To the Editor:
Education Week‘s Oct. 27, 2010, Report Roundup summary on character education (“Study Finds Few Benefits in Character Education”) was very upsetting. As I read how a federal study did not find that character education programs produce any improvements, for the most part, in student behavior or academic performance, I became enraged. I do not feel that we have spent enough time researching, following, and adapting these types of programs to make any type of judgment call on this new study.
We, as educators, need to be reminded of the theorists, who, through trial and error, developed what we know today as the study of human development. Without study after study and new knowledge and advancement in different areas of human development, we would not know how the mind works and the effects the environment has upon human growth.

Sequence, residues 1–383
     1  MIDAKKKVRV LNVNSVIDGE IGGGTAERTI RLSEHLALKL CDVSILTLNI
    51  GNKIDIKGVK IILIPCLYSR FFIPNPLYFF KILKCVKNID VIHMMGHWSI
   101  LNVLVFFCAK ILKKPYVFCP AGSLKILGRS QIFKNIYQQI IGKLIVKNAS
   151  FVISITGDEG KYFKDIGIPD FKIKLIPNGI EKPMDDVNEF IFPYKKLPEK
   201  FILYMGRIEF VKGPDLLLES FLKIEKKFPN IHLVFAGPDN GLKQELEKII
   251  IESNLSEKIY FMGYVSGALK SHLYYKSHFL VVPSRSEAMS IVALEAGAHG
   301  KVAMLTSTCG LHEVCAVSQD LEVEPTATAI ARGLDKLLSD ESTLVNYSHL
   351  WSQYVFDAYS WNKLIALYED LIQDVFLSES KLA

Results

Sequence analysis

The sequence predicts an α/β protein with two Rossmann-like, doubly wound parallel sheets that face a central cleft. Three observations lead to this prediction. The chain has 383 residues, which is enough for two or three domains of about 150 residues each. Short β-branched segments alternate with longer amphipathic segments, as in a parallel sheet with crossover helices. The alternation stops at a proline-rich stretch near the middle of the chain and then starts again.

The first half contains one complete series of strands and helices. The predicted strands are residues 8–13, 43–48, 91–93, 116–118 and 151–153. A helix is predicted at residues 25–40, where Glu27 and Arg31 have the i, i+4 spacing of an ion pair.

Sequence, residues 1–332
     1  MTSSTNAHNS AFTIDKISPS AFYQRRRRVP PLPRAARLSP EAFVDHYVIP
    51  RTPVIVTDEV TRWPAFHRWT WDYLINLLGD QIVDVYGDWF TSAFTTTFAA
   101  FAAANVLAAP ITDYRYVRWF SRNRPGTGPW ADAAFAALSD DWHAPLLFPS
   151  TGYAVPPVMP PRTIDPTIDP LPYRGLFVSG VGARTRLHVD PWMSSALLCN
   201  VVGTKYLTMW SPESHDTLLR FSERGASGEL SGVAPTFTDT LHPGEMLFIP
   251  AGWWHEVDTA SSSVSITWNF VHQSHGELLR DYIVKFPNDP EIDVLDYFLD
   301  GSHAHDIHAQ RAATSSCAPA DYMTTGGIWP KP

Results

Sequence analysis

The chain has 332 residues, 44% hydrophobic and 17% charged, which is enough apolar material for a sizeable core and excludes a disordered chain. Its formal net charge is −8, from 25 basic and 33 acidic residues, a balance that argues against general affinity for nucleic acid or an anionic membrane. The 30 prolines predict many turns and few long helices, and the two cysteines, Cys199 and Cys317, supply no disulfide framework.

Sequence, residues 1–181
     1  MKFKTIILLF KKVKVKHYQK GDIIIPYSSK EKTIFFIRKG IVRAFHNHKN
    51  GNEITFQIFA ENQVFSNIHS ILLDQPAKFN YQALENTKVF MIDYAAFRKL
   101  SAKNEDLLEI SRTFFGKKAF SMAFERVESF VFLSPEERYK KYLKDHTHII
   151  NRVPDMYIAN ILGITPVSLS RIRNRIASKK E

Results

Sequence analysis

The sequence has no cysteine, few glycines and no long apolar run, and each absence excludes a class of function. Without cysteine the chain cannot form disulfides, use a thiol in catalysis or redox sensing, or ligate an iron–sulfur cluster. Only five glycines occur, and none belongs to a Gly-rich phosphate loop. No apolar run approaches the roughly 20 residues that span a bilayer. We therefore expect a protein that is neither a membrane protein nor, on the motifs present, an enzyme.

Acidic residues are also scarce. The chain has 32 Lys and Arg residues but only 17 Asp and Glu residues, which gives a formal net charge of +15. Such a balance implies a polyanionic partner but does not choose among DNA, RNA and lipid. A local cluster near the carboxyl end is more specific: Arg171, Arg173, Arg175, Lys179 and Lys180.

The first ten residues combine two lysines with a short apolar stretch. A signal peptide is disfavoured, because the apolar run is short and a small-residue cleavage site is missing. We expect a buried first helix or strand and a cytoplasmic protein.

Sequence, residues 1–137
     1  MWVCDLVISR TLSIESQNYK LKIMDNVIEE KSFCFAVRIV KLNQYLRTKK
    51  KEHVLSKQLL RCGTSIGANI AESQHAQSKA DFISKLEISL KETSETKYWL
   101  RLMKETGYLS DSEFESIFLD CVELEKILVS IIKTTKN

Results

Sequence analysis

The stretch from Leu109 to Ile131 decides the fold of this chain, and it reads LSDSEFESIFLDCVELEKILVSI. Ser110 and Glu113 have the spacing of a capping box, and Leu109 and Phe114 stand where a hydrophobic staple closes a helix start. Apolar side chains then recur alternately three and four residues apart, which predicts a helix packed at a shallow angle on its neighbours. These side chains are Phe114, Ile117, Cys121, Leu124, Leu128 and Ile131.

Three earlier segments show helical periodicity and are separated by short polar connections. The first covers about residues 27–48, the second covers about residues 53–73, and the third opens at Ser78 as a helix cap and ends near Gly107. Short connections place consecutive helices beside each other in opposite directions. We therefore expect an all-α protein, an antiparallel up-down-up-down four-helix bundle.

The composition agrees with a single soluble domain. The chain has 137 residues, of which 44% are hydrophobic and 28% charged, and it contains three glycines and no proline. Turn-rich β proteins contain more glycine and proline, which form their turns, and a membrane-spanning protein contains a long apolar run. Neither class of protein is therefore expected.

We, as educators, cannot stop trying and searching to find a way to reach and teach every student. It is our job to provide the youth of today, tomorrow, and the future with the best education possible. If we fail to see that by not pursuing our quest to ultimately find a more effective way to reach our students, then we are giving up on education, our students, and society.
We must push on, we must not give up, and we must not forget that education is not what it once was, and in order to gain success, we must not stop reaching out in every way possible.
New York, N.Y.
A version of this article appeared in the November 17, 2010 edition of Education Week as Too Soon for a ‘Judgment Call’ on Character Education